You can also download this interview, and subscribe to receive our weekly podcast, on iTunes. If you enjoyed it, please take a moment to rate us. And remember, you can use our Amazon.co.ukAmazon.com or Amazon.ca links to support us at no additional cost when buying books, cooking utensils, waistcoats, stuffed animals, and more.

RSP Psychology of Religion Participatory Panel Special

This week we are delighted to bring you a very special bonus podcast, and a first for the RSP!

The RSP Psychology of Religion Participatory Panel Special took place during the Dr. Christopher F. Silver and Thomas J. Coleman III for arranging and moderating the panel.

You can also download this audio recording, and subscribe to receive our weekly podcast on iTunes and other podcatchers. If you enjoyed it, please take a moment to rate us. And remember, you can use our Amazon.co.uk or Amazon.com links to support us at no additional cost when buying any of your books, birthday presents, or other paraphernalia.

Psychologists of Religion Coleman ,Streib, Hood, Brandt & Silver

Psychologists of Religion Coleman ,Streib, Hood, Brandt & Silver

A Word by Any Other Name: The Emergent Field of Non-religion and the Implications for Social Meaning

A Word by Any Other Name: The Emergent Field of Non-religion and the Implications for Social Meaning

By Christopher F. Silver, University of Tennessee at Chattanooga

Published by the Religious Studies Project, on 10 October 2012 in response to the Religious Studies Project Interview with Lois Lee on Non-religion (8 October 2012).

With the advent of cultural and religious pluralism within western society, the theme of secularity and non-belief has gained momentum within academic discussion. Non-belief is a growing trend in Western Europe and North America. While countries such as the United States claim to be religious the percentage of non-affiliated individuals is increasing. Roozen (1980) discovered that 46% of American’s were relatively uninvolved in religious services for 2 years or more. In ISSP 2008 survey data, 2.8% agree with the statement “I don’t believe in God”, while 5% agreed with “I don’t know whether there is a God and I don’t believe that there is a way to find out,”, and 10.3% agreed with “I don’t believe in a personal God, but I do believe in a Higher Power of some kind,” appearing to confirm an agnostic viewpoint on the existence of God.  Similar trends in data were observed in the American Religious Identification Survey results. 2.3% of survey respondents agreed with the statement that “there is no such thing (as God)” while 4.3% agreed that “there is no way to know”. 12.1% agreed with the statement “there is a higher power but no personal God” (Kosmin & Keysar, 2009). Such data seems to support Steve Bruce’s (2011) secularization paradigm or at least a shift away from organized religious association even within the “religious” United States. Obviously with a social shift away from institutionalized belief and individual faith would certainly assume social structures and institutions would shift to nonreligious culturally relative inclusive structures of meaning.  In other words people would begin to seek to find alternatives in social rituals, symbols, and contexts. An alternative perspective to consider is that of non-religion or those social systems and contexts which share similarity to religious systems but unto themselves are their own distinct non-religious phenomena.

Non-religion and Cross-Disciplinary Research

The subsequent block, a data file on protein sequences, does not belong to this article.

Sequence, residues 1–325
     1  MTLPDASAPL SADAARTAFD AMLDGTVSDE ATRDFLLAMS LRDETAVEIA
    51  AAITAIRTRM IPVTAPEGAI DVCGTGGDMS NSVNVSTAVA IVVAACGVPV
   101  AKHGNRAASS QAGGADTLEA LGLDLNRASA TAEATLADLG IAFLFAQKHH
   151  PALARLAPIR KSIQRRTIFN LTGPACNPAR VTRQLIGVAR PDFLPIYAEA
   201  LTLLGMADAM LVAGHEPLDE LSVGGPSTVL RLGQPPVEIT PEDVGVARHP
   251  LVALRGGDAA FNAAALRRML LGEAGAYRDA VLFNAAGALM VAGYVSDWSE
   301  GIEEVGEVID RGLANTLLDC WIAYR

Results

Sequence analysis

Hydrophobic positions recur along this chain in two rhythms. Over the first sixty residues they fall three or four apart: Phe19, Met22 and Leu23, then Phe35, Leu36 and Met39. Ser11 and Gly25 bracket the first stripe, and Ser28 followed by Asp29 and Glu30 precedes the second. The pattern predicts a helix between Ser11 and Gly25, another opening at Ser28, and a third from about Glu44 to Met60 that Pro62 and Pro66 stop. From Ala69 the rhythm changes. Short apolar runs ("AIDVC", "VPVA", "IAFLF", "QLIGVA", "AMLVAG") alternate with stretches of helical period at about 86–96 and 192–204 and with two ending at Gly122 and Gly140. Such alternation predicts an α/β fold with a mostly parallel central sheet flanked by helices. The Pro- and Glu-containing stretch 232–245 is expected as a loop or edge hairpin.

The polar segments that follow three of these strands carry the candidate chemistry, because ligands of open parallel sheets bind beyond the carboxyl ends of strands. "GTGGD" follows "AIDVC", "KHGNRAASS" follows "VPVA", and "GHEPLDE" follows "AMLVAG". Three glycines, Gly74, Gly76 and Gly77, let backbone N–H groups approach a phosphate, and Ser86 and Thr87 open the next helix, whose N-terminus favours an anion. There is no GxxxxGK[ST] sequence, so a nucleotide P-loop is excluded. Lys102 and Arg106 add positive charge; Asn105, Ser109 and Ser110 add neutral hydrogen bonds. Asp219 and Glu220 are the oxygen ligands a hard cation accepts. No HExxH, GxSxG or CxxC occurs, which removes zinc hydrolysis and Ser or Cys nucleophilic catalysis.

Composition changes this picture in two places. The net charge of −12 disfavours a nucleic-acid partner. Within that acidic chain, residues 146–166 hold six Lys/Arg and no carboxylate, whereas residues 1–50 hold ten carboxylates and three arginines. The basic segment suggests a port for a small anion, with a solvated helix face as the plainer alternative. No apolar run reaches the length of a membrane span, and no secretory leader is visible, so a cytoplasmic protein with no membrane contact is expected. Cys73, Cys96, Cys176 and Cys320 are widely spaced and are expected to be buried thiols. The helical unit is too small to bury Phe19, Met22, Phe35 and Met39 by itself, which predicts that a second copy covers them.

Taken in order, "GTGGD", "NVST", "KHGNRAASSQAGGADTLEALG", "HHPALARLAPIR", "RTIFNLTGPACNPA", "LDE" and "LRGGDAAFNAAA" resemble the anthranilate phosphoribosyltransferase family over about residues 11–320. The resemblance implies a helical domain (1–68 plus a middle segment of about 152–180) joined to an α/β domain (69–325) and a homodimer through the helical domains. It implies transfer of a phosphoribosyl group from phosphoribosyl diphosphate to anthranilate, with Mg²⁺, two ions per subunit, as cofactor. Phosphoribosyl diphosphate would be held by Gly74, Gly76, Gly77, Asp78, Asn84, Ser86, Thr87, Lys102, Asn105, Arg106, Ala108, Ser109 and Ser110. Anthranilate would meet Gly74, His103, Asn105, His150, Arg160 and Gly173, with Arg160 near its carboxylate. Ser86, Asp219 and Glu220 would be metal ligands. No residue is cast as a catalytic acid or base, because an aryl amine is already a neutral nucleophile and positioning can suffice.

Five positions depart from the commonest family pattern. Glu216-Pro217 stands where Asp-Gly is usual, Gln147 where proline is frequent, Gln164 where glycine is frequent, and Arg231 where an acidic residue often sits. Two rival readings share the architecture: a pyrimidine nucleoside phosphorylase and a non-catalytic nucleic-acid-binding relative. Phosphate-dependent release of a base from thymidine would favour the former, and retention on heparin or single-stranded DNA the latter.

Dr. Lee’s perspective is an excellent view of how new fields emerge within human studies in academia. A couple of important themes emerge within this Podcast.  The first is related to the reference point of what is non-religion. Such conversations of delineation are challenging as they are juxtaposed within the much larger epistemological framework of an established field.  They begin within the definitional boundary not only of what non-religion is but also what it is not. For example, Dr. Lee notes within the podcast: that non-religion is the “Practice or perspective that differs from religion, something that is defined by how it differs from religion. So it is religious like (in) some way we consider (it) meaningful but beyond that, we need to know more.”  Dr. Lee goes on to say non-religion is a “Space or object where non-religion takes religion as its primary reference point.” Such a conversation has a variety of perspectives as well as establishing an implicit sequitur in meaning.  For Lee the definitional boundaries are necessary if this new field is to have utility. Non-religion appears to be set within the social structural meaning. Its distinction is embedded in the social system and symbols which give the society meaning. In other words, non-religion is related to the social frame of human experience where systems which were originally rooted within the religious order have replaced, adapted, or yielded to more secular frames of reference. It appears that some social systems such as humanism, ecology, environmental awareness, and others may have religious like values or beliefs but lack the religious connections or reference points which would define other social systems. Therefore such social systems fit the nonreligious classifications. These examples – which are socially engaged advocacy groups – fit Hood, Hill & Spilka’s (2009) definitional term of “horizontal transcendence” which assumes that there are movements which give non-religious affiliated individuals a deeper meaning in life but do not require a “vertical transcendence” or religious cosmology in which to find meaning. As Hood and colleagues demonstrate, other social systems provide greater meaning in the lives of people who may not be religious affiliated. This viewpoint is further reinforced with the work of Kohls and Walach (2006) whose work has shown that experiences can be “exceptional” without the interpretative medium of religion to provide transcendental reference point.  While exceptional experience can include newly emergent phenomena such as spirituality, they also include other experiences which may or may not be socially defined. Certainly within the field of Psychology, there has been an effort to capitalize on such experience – exceptional and non-religious meaning – in providing tools for increasing psychological health and well-being (Pargament, 1997). While much of Pargament’s work deals in the realm of Psychology of Religion and coping there are also other experiences observed by Pargament which provide mediums for treatment as well. Such possibilities should be explored further to determine to what extent non-religious experience can provide meaning during traumatic times in people’s lives. Understandably there are wide theoretical and cross-disciplinary possibilities within the study of non-religion which should be collaboratively explored further.  Dr. Lee’s attempt at broadening meaningful human experience certainly has broader implications. The definitional boundary of the field leads to the next point which is the politics of the academic domain in which the non-belief theory operates.